There are at least two common kinds of notes on what you read: (1) notes you want to keep with the literature so you can remember what you thought when you come back to the paper later for some project, and (2) notes on what you want to take away from a paper for a specific project you’re working on.
I tend to keep the first kind of notes in my reference manager and the second type in Evernote, a plaintext document, or a spreadsheet.
When you’re taking notes, think about what the one or two important takeaway messages are. You might also want to record one or two quotes you want to come back to.
As you read, keep a running list of other papers you see that you want to read. This keeps you from falling down an endless hole of finding new papers and never finishing anything.
Use one! You’re nuts in this day and age to spend your time copying, pasting, re-formatting, and checking citations.
Know your citation manager well and curate it. Think of it as your digital brain. As a researcher, this is one of your most important tools.
Do I need MS Word compatibility? If yes, that rules out BibDesk.
Do I mind fiddly recompiling when I edit citations? If yes, that rules out Papers.
Do I mind Elsevier? If yes, that rules out Mendeley.
Do I want an integrated PDF viewer? If yes, that rules out Zotero.
Do I want an open source citation manager? If yes, that rules out Papers and Endnote.
Otherwise, if you don’t already have a favourite citation manager, then try a few and pick which one you like best. Don’t forget to try everything you’ll be doing with it. That includes making a little test document and editing the citations.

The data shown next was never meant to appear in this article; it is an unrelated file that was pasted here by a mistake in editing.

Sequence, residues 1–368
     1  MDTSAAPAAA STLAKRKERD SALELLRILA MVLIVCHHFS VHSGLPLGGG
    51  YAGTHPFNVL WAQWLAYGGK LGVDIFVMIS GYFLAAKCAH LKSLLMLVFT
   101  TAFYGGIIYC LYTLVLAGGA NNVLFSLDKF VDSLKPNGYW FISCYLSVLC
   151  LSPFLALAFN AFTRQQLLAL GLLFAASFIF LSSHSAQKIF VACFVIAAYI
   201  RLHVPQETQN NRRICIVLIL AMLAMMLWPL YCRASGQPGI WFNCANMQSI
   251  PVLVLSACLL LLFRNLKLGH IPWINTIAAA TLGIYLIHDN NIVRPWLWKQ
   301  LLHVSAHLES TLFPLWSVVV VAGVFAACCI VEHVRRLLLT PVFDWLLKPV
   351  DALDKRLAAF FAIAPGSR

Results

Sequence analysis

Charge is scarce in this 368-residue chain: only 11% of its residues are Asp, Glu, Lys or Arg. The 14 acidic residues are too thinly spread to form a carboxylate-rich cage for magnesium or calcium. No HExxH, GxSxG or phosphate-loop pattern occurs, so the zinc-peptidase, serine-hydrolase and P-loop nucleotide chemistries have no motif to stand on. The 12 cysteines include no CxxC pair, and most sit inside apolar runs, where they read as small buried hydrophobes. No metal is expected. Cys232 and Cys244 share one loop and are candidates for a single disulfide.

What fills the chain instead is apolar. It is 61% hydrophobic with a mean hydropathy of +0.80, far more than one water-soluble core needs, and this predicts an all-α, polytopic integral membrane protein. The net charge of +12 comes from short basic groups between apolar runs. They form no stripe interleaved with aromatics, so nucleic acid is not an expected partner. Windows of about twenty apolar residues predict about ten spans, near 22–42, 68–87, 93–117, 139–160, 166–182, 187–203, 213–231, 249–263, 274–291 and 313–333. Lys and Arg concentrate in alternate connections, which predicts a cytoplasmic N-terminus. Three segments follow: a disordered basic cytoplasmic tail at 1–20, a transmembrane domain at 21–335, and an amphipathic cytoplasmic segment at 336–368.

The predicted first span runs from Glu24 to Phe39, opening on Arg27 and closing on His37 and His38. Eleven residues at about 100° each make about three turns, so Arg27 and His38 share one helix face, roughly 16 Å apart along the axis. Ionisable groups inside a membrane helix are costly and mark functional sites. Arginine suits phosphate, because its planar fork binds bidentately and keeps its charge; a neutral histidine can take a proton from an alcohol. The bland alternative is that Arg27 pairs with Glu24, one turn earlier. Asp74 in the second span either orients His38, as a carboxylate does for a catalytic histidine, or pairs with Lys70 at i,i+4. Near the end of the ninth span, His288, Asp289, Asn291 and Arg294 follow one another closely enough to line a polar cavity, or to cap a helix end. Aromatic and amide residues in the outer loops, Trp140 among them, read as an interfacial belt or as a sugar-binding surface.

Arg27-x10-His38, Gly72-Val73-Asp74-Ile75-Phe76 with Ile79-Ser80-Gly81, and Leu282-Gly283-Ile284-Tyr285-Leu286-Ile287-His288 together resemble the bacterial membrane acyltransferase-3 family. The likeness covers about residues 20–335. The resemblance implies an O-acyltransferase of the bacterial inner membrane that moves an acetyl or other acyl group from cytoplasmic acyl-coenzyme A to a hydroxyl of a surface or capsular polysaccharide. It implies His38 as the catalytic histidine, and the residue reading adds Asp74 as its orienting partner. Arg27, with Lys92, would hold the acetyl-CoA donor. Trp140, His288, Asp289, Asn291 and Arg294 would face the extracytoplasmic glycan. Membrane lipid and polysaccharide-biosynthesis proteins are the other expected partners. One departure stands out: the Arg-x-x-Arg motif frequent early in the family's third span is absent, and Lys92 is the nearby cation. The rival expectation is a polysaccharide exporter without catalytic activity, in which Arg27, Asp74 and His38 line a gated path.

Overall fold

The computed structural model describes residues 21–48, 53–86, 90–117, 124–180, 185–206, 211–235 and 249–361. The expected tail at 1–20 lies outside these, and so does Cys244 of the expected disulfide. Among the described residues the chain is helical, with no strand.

You should only rarely be entering citation meta-data by hand (like the authors, title, and journal). Most citation managers can recognize many PDFs and find meta-data for you. In other cases, you can download the citation data and PDF separately from the journal website and associate the two in the citation manager.
Try and weed out garbage as you go (incorrect meta-data) or you’re in for a world of hurt later.
On the other hand, you don’t have to save everything you read. I save a PDF in my citation manager if I think I might cite it someday (or if I think it’s really cool and I might want to re-read it or share it someday).
Most citation managers can deal with journal abbreviations for you. Figure out how to do this — it will save you a lot of time.
Throw papers into broad folders for papers you’re writing or potential future papers.
Rely on search in your citation manager as much as possible. Is it in the title? Great, no need to tag it. Is it not in the title but something you might want to search? Tag it, or throw words into a notes field.
Consider a tag/folder strategy. Tags can work well for broad topics (e.g. diversity-stability); folders for short-term projects (thesis chapter 1). Keep in mind that most reference manager folders aren’t really folders. I.e. you can have the same paper in multiple folders.
Tags work best when there’s a limited number of them and they’re used consistently. Develop a set of rules so your keywords are consistent. For example, maybe you always make them lower case and have no spaces.
Smart folders: use them. Smart folders are a custom search you set up and assign to a folder. The folder then stays up to date as the papers change. Use these for broad topics or groups of authors that you frequently want to refer back to. Find yourself frequently making the same search? Make a smart folder for it.
Thanks to the Dulvy lab in the Earth to Oceans group at Simon Fraser for feedback and suggestions on an earlier version of these notes.